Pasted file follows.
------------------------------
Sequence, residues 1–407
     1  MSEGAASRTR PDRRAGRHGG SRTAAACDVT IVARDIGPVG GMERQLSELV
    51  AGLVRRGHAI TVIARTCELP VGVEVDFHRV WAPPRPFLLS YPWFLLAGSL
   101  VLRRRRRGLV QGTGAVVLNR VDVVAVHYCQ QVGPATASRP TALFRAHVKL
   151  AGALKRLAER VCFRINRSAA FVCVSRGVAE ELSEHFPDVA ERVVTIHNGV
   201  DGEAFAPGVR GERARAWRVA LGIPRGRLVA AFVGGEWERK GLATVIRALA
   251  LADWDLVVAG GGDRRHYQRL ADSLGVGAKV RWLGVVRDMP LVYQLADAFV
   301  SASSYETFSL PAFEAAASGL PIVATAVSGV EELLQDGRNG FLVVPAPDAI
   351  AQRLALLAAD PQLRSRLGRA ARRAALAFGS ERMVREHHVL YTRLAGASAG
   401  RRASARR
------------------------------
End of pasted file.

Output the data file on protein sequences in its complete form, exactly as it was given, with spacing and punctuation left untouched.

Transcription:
Sequence, residues 1–407
     1  MSEGAASRTR PDRRAGRHGG SRTAAACDVT IVARDIGPVG GMERQLSELV
    51  AGLVRRGHAI TVIARTCELP VGVEVDFHRV WAPPRPFLLS YPWFLLAGSL
   101  VLRRRRRGLV QGTGAVVLNR VDVVAVHYCQ QVGPATASRP TALFRAHVKL
   151  AGALKRLAER VCFRINRSAA FVCVSRGVAE ELSEHFPDVA ERVVTIHNGV
   201  DGEAFAPGVR GERARAWRVA LGIPRGRLVA AFVGGEWERK GLATVIRALA
   251  LADWDLVVAG GGDRRHYQRL ADSLGVGAKV RWLGVVRDMP LVYQLADAFV
   301  SASSYETFSL PAFEAAASGL PIVATAVSGV EELLQDGRNG FLVVPAPDAI
   351  AQRLALLAAD PQLRSRLGRA ARRAALAFGS ERMVREHHVL YTRLAGASAG
   401  RRASARR